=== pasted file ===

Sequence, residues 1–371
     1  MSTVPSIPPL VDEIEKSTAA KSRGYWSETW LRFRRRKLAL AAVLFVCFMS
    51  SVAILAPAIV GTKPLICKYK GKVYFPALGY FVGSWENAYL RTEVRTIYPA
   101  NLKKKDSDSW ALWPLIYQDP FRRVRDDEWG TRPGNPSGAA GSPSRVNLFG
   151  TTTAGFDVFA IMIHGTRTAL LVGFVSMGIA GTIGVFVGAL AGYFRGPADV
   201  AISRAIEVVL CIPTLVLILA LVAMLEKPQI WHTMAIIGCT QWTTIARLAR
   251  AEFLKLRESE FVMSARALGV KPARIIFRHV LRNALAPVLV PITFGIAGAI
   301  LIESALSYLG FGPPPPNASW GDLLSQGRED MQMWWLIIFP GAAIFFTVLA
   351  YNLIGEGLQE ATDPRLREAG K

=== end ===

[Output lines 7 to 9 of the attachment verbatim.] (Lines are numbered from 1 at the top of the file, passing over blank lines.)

   251  AEFLKLRESE FVMSARALGV KPARIIFRHV LRNALAPVLV PITFGIAGAI
   301  LIESALSYLG FGPPPPNASW GDLLSQGRED MQMWWLIIFP GAAIFFTVLA
   351  YNLIGEGLQE ATDPRLREAG K